The Newfoundland and Labrador government is moving ahead with plans to drop the word “savages” from the official description of the Indigenous people depicted on the province’s nearly 400-year-old coat of arms.
Premier Andrew Furey made the announcement Wednesday as amendments to the Coat of Arms Act were introduced for second reading in the legislature.
The amendments include replacing he word “‘savages” with “Beothuk,” the name of Indigenous people who inhabited the island portion of the province when European settlers arrived.
As well, the government plans to add the name Labrador to the coat of arms.
“Actions that respect the culture and heritage of Indigenous peoples are an important step on the path to reconciliation,” Krista Lynn Howell, minister of municipal and provincial affairs, said in a statement.
“These proposed changes are part of the process of building an inclusive environment in the province and a step forward in ensuring the coat of arms more accurately reflects the peoples and cultures of Newfoundland and Labrador.”
The heraldic emblem features two Beothuk warriors in traditional garb, standing on either side of a red shield.
In June 2018, the governing Liberals said they would drop the archaic description and redesign the coat of arms after Indigenous leaders and the party’s Indigenous Peoples Commission called for changes.
At the time, Labrador politician Randy Edmunds said the Beothuk must be represented to honour an Indigenous group that was wiped out after settlers encroached on their land, resulting in deadly conflicts and the introduction of new diseases. Shawnadithit, the last known surviving Beothuk, died of tuberculosis in St. John’s in June 1829.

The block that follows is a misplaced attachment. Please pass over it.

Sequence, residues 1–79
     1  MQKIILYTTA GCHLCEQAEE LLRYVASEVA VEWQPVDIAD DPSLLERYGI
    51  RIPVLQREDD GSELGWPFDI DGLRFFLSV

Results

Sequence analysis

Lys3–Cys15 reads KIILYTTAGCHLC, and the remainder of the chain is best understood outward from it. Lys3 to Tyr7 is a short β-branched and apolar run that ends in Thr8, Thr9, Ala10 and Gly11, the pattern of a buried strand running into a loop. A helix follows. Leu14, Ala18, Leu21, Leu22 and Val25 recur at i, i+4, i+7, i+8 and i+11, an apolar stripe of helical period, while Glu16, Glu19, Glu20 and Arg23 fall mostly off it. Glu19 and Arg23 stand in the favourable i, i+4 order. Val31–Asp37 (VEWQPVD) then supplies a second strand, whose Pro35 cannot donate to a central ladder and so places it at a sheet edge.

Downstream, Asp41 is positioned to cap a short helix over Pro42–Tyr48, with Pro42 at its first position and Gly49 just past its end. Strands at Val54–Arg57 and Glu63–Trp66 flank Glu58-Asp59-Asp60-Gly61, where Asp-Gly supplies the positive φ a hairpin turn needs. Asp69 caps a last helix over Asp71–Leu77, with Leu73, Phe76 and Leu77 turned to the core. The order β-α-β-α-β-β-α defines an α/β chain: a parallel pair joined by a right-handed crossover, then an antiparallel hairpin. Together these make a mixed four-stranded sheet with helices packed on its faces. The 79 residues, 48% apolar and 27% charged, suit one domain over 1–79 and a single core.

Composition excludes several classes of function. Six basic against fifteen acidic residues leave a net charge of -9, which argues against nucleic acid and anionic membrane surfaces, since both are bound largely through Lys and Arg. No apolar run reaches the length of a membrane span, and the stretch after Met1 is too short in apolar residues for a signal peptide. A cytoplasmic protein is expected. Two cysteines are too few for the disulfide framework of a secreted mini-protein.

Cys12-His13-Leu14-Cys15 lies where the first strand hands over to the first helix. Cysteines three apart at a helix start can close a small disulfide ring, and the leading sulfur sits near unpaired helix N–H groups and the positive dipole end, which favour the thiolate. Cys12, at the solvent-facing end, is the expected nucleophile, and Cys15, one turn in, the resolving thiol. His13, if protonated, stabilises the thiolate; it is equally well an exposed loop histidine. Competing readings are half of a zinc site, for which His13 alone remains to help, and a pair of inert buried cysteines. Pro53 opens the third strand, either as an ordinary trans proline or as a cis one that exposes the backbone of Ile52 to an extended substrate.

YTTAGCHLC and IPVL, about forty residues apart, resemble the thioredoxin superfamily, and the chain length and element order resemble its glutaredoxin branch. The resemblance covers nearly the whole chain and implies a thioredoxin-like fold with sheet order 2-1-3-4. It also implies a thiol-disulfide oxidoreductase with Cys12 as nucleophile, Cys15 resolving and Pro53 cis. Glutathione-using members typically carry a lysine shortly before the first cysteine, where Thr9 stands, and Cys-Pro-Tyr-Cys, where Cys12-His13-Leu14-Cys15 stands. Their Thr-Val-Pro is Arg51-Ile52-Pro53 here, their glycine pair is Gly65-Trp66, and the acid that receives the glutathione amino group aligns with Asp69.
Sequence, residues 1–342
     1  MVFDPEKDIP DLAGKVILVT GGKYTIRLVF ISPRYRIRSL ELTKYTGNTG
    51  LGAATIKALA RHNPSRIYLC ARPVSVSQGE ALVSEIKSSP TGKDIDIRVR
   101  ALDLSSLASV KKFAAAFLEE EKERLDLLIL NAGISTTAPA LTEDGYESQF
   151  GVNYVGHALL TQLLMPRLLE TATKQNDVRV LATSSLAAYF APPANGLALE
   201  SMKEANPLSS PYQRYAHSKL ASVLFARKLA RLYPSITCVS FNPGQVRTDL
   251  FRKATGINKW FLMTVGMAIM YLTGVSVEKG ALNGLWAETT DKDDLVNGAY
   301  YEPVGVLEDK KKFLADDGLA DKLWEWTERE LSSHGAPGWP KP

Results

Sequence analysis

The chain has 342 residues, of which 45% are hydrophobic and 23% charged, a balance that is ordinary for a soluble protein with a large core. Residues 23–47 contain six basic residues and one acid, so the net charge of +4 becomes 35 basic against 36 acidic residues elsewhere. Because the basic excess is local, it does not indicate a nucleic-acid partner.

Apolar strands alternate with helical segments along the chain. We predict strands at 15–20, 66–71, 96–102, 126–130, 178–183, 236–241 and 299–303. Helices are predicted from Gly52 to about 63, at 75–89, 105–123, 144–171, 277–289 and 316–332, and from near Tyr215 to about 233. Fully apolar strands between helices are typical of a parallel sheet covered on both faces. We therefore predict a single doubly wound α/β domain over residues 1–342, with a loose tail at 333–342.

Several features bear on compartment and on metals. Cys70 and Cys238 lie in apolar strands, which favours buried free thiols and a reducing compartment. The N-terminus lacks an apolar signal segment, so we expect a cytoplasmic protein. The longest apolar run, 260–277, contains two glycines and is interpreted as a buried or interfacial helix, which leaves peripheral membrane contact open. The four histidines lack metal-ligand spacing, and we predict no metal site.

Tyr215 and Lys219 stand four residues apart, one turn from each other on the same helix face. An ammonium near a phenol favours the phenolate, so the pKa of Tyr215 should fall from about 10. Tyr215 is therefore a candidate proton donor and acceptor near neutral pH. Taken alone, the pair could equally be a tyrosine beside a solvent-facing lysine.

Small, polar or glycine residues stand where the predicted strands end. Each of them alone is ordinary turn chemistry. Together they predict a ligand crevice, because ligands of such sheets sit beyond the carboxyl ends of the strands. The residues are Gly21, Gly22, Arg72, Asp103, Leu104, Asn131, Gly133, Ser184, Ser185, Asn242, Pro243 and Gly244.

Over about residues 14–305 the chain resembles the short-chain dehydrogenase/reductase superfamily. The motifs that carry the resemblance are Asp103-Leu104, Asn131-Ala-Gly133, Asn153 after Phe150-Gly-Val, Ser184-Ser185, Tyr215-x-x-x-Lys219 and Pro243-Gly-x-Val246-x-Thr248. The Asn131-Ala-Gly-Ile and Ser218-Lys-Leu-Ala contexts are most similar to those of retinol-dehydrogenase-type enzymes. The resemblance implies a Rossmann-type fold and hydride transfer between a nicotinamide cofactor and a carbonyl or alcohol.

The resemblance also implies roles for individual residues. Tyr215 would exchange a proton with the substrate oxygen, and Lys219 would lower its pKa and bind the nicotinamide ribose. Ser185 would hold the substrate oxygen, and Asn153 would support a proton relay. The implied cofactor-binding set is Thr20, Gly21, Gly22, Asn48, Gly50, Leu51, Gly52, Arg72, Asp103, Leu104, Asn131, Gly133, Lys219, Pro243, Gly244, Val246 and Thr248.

Edmunds, an Inuk who was defeated in the 2019 provincial election, said other Indigenous groups should also be recognized. And he said the use of the term savages was offensive.
Last June, the premier confirmed proposed changes would be drafted into legislation following discussions with Indigenous leaders. A meeting earlier that month included representatives from the province’s Mi’kmaq communities, the Innu Nation and Labrador’s Inuit.
Qalipu First Nation Chief Brendan Mitchell later confirmed that everyone at the virtual meeting agreed that the insulting term had to go.
On Wednesday, Furey cited an online questionnaire that found 85 per cent of the 200 respondents said the legal description of the coat of arms should drop the word “savages.”
The original coat of arms was granted by royal warrant from King Charles I of England in 1637. At the time, the island of Newfoundland was known as Terra Nova, and it wasn’t yet joined with Labrador.
The symbol was actually granted to a business syndicate known as the Company of Adventurers to Newfoundland, which seemed to have little knowledge of the area.
Aside from the coarse description of the Beothuk, the coat of arms includes a depiction of a prancing elk, hovering between the two warriors. The animals are not native to Newfoundland and Labrador.
—The Canadian Press